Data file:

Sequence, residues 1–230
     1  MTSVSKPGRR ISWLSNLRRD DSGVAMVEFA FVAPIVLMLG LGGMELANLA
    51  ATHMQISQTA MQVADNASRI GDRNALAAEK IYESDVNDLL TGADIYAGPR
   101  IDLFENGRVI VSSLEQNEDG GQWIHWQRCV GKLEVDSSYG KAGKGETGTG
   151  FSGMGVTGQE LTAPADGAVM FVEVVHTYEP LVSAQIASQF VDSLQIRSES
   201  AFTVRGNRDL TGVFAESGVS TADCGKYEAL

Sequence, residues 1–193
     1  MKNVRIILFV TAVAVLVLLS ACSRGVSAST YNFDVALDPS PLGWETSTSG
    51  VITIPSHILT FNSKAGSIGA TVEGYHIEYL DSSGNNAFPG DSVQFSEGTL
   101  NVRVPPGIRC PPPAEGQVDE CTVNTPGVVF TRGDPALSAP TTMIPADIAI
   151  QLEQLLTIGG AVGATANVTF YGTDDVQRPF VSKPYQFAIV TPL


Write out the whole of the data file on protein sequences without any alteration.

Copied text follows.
Sequence, residues 1–230
     1  MTSVSKPGRR ISWLSNLRRD DSGVAMVEFA FVAPIVLMLG LGGMELANLA
    51  ATHMQISQTA MQVADNASRI GDRNALAAEK IYESDVNDLL TGADIYAGPR
   101  IDLFENGRVI VSSLEQNEDG GQWIHWQRCV GKLEVDSSYG KAGKGETGTG
   151  FSGMGVTGQE LTAPADGAVM FVEVVHTYEP LVSAQIASQF VDSLQIRSES
   201  AFTVRGNRDL TGVFAESGVS TADCGKYEAL

Sequence, residues 1–193
     1  MKNVRIILFV TAVAVLVLLS ACSRGVSAST YNFDVALDPS PLGWETSTSG
    51  VITIPSHILT FNSKAGSIGA TVEGYHIEYL DSSGNNAFPG DSVQFSEGTL
   101  NVRVPPGIRC PPPAEGQVDE CTVNTPGVVF TRGDPALSAP TTMIPADIAI
   151  QLEQLLTIGG AVGATANVTF YGTDDVQRPF VSKPYQFAIV TPL